Joint press point

with NATO Secretary General Jens Stoltenberg and the Prime Minister of the Slovak Republic, Peter Pellegrini

  • 12 Apr. 2018 -
  • |
  • Last updated 16-Apr-2018 16:02

(As delivered)

Joint press point with NATO Secretary General Jens Stoltenberg and the Prime Minister of the Slovak Republic, Peter Pellegrini

So Prime Minister Peter Pellegrini,

It is a great pleasure and honour to welcome you here at NATO Headquarters. This is your first visit. Let me also congratulate you on your appointment as Prime Minister.

We discussed many issues during our meeting, we addressed the main topics as we prepare for the next Summit of NATO in July in Brussels. How to strengthen NATO’s deterrence and defence, how to project stability to our neighbourhood, and how to continue to modernise the Alliance And this is a response from the whole Alliance to a more demanding and unpredictable security environment which includes a more assertive Russia. And also the turmoil and violence we see in the Middle East and North Africa.

And I would like to start by thanking you Prime Minister for the many contributions Slovakia is making to NATO, to our shared security, to our collective defence. You contribute to our Enhanced Forward Presence in Latvia, with your troops there.

You host what we call a NATO force integration unit, which is a small command which can coordinate exercises through planning and facilitate rapid reinforcements, deployments if needed.

I also welcome that Slovakia is making major contributions through different NATO missions and operations.

I recently visited Iraq where I met Slovak trainers that help train local security forces and also the fact that you have trainers and funding for the Afghan national security forces and army.

And on top of that you also play a part in Ukraine, Slovakia is the lead nation in a Trust Fund to help handling unexploded munitions.

So you play an important part and Slovakia is a highly valued Ally.

We also discussed the situation in Syria. We condemn in the strongest terms the use of chemical weapons.

The latest attack was horrendous, killing dozens of people, including many children.

We call on the Syrian regime and its backers to allow full and unimpeded access to international medical assistance‎ and international monitoring.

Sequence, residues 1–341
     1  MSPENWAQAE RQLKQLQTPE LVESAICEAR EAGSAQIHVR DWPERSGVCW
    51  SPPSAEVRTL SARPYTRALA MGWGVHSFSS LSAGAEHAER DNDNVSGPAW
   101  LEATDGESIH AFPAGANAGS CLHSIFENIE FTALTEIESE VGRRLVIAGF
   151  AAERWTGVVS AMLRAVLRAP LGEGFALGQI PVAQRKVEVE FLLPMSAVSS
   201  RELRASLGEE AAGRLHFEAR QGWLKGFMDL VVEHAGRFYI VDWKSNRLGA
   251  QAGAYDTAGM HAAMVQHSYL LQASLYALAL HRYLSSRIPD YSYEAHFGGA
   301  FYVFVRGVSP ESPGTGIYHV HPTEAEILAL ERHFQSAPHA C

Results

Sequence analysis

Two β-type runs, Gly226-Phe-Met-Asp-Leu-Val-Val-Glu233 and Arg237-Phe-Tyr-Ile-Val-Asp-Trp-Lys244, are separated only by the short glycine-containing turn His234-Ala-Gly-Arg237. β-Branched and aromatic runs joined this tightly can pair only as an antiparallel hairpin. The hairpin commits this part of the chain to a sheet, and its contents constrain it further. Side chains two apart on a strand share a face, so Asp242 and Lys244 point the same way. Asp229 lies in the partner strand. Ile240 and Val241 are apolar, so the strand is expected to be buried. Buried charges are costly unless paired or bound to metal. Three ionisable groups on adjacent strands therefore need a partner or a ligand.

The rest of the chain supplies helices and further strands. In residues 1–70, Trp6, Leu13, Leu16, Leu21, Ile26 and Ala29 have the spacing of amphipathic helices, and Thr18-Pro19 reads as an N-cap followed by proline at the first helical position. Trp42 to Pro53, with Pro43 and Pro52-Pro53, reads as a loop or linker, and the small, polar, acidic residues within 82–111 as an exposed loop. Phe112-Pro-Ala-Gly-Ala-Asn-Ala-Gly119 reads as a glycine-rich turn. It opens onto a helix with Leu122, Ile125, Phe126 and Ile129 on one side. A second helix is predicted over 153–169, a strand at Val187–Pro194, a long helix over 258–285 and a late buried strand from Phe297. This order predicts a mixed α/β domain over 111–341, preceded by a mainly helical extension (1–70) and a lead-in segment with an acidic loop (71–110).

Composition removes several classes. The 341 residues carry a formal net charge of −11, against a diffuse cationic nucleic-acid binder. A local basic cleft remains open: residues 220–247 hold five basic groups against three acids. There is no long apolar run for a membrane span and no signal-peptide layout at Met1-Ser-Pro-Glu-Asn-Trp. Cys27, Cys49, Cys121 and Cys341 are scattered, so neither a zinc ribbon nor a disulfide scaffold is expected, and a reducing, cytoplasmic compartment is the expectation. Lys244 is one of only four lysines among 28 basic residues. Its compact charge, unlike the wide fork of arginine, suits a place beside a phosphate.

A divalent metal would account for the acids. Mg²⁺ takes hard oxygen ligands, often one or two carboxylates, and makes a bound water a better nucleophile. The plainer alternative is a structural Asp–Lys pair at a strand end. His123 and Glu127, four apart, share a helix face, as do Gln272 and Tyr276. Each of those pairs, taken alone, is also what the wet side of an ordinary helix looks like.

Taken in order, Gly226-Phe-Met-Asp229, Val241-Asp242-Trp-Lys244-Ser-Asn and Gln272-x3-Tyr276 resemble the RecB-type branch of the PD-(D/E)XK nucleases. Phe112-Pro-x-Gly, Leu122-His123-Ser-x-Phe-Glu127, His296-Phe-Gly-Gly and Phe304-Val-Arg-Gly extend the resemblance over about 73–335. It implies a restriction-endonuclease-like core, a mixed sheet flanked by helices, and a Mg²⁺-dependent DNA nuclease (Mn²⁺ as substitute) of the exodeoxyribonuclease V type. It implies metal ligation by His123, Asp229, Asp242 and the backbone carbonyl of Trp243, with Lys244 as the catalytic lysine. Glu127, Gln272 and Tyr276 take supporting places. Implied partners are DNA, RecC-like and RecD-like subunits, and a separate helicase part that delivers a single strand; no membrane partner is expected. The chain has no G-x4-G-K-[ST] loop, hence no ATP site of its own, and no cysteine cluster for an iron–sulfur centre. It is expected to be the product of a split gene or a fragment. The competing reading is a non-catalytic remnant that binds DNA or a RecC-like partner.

NATO considers the use of chemical weapons a threat to international peace and security.  And those responsible must be held accountable. We must do all we can to protect the ban on the use of chemical weapons.

Prime Minister,

Let me also strongly thank Slovakia for increasing defence spending, for investing more in our security. You brought your Deputy Prime Minister, Finance Minister Kazimir, and I think the fact that he was in the meeting just underlines the Slovak commitment to increasing defence investments. And we welcome your strong commitment to reach our goal of spending 2% of GDP on defence by 2024.

We also welcome the fact that Slovakia has already met the guideline of spending 20% of the budget on major equipment.

So Prime Minister, it’s great to have you here and it’s great to welcome you and I look forward to continue to work together with you. So once again, welcome.

OANA LUNGESCU [NATO Spokesperson]: OK, we have time for a couple of questions.  Lady over there, Slovak Television and Radio.

QUESTION [Slovak Radio and TV]: Good morning, Slovak Radio and TV.  I would like to ask about the relation with Russia on two layers: one issue is the poisoning of Sergei Skripal.  Have you discussed this case as well and what is also the stance of NATO, because NATO has sent… or has also ousted certain diplomats from NATO or they haven’t extended their accreditation?  Slovakia has recalled its Ambassador from Moscow, but we haven’t cancelled the presence of any Russian diplomats.  Have you discussed about steps to be taken in the future?  And also, the current situation in Syria: the American President is considering a military response to the chemical gas attack.  So, what is your take?  What do you think about the situation?  This is a question for both of you.

PETER PELLEGRINI [Prime Minister of the Slovak Republic]: During the meeting with the Secretary General, we have not discussed the Skripal case in the United Kingdom.  Here, I'd like to emphasise one issue; that the position of Slovak diplomacy and the Slovak decision to recall our Ambassador from Moscow is an adequate response, especially adequate to our knowledge of the situation so far, and adequate of what we knew at that point in time.